   Surprise Audience with Claim or Statistic
Types of Introductions (con’t)
   Anecdotal Story
   Rhetorical Question
   Quotation
   Humor

                          “So there I was at the summit of
                          Mt. Killimanjaro, and I turned to
                          the guide and said…”
Functions of Introductions
   Get Attention
   Introduce Topic
   Provide Motivation
   Establish Credibility
   Preview Speech
Conclusions


       Types

     Functions
    Types of Conclusions
   Summary
   Quotation
   Personal Reference
   Challenge to Audience
   Offer Vision of the Future
Types of Conclusions
   Anecdotal Story
   Rhetorical Question
   Quotation
   Humor              Remember what Dwight D. Eisenhower
                      once said: “Things are more like they are
                       now, than they have ever been before.”
Functions of Conclusions
   Summarize Speech
   Reemphasize Main Idea
   Motivate Response
   Provide Closure
           Methods of Delivery
   Manuscript Reading
    only done when absolute accuracy is required

   Memorized
    seldom done, if done rehearse until you’re very
    comfortable doing it

   Impromptu
    - speaking with little or no preparation
    - avoid unless you are extremely comfortable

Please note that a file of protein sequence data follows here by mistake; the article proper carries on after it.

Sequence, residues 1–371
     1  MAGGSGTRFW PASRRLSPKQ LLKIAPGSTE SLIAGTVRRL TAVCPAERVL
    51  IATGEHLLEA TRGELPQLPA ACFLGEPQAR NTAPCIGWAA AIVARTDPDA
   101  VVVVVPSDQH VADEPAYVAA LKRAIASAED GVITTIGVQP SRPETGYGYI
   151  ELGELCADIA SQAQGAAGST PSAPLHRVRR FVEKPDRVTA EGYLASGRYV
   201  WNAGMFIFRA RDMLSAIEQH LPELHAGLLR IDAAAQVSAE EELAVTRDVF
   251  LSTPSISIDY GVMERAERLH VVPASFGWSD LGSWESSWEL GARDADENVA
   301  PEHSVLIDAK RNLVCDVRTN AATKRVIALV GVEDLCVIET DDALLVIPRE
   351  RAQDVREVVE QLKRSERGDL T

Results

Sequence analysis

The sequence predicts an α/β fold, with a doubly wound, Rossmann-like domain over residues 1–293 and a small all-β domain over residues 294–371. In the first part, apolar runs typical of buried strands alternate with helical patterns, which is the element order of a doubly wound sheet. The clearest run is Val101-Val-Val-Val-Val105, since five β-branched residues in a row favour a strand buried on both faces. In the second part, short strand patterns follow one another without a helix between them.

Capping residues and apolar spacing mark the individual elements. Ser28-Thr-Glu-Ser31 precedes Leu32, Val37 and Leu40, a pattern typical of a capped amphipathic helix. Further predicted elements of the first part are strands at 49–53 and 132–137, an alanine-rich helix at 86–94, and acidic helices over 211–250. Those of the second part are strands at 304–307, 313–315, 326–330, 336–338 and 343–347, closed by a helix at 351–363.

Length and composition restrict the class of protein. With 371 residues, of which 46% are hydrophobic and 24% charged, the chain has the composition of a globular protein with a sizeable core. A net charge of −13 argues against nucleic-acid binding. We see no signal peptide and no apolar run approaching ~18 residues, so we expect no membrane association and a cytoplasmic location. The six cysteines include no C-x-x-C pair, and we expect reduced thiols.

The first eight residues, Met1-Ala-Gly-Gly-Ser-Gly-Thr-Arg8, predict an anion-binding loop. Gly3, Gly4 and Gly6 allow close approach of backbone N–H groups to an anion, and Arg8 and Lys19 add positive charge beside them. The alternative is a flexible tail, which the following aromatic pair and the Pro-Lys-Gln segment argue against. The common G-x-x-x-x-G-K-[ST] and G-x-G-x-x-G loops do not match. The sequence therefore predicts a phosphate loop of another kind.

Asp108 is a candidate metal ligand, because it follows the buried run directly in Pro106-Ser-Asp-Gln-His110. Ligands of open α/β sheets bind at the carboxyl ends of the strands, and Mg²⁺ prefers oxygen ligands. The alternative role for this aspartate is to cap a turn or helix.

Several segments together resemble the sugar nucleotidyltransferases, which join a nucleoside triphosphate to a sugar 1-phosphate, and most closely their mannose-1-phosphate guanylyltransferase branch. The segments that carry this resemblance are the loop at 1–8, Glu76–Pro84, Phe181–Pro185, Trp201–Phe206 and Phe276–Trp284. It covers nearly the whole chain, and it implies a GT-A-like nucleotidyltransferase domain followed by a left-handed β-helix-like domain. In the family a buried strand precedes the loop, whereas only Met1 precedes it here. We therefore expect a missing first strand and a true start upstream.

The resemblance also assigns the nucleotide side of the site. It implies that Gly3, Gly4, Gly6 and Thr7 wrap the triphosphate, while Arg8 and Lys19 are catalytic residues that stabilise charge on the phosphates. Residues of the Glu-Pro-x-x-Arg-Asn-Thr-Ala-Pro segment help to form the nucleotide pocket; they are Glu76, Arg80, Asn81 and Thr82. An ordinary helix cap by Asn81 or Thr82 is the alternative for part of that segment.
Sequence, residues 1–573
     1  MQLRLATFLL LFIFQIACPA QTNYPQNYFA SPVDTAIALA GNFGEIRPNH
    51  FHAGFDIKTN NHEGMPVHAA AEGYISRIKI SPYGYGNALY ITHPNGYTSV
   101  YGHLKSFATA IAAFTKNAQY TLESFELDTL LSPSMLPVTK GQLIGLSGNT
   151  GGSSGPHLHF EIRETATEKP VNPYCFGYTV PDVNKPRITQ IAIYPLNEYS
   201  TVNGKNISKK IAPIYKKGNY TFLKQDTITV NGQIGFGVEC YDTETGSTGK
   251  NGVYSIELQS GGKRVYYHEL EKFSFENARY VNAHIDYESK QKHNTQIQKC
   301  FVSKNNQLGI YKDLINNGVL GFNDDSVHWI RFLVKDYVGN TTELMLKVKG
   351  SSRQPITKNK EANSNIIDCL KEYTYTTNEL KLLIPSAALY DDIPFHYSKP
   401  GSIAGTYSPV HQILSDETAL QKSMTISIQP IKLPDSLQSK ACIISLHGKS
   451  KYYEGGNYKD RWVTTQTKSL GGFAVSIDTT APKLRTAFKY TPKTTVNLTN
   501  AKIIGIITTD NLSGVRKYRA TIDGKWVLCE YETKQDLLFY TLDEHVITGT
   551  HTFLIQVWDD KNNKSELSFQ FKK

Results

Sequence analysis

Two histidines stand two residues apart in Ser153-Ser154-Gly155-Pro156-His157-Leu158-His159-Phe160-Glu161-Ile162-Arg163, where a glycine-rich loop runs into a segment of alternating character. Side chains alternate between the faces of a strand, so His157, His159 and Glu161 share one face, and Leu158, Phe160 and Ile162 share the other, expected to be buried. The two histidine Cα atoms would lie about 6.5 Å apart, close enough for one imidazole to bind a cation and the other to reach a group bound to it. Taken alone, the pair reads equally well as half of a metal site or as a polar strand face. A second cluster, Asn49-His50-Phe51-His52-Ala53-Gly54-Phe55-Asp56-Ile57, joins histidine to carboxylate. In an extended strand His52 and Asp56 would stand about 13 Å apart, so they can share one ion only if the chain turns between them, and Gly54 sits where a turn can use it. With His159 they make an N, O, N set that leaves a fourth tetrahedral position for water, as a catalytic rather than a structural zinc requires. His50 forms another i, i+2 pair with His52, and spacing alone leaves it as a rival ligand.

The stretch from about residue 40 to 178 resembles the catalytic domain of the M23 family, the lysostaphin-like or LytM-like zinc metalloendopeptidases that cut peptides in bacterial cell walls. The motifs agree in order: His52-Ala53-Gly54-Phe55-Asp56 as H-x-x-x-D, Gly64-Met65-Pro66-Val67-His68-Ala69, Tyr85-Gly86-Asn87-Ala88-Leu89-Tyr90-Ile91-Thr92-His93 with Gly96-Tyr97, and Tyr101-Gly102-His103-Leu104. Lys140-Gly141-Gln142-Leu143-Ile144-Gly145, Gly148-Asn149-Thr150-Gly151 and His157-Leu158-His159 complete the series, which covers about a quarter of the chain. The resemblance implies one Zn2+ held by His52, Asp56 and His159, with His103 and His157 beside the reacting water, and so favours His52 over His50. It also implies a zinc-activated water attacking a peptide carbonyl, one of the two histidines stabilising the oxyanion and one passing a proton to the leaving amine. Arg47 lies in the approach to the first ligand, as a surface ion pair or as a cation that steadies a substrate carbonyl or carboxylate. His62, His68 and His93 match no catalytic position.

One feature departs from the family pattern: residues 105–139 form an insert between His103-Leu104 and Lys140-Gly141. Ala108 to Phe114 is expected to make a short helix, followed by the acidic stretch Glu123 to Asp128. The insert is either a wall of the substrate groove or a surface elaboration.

with the subject

   Extemporaneous
    carefully prepared and delivered from a brief set
    of notes
        Delivering Speech -
             Beginning
   Walk Calmly with Confidence to
    Front
   Establish Eye Contact
   Smile Naturally
   Deliver Introduction
Delivering Speech - During
   Use Effective Eye Contact
   Use Effective Language
   Use Effective Gestures
   Be Enthusiastic
   Use Conversational Style
   Use Notes As Needed
Delivering Speech - Ending
   “Frame” the Speech
   Pause before Returning to Seat
    – But Don’t Ask for Questions

   Accept Applause Graciously
Elements of Vocal Delivery
   Speech Rate and Pauses
   Volume
   Inflection and Pitch
   Quality of Voice
   Pronunciation and Articulation
Vocalization
 Volume – loudness or softness
   – adjust to the situation (electronically if necessary,
     don’t yell)
 Pitch – highness or lowness of the voice
   – use inflections in your voice to avoid “monotone”
 Rate speed at which you speak
   – 120-150 wpm is normal, too slow leaves people
     hanging on your words, too fast and they get confused
     and miss information
 Pauses – momentary breaks in your speaking
   – takes experience to know when to pause, pause at the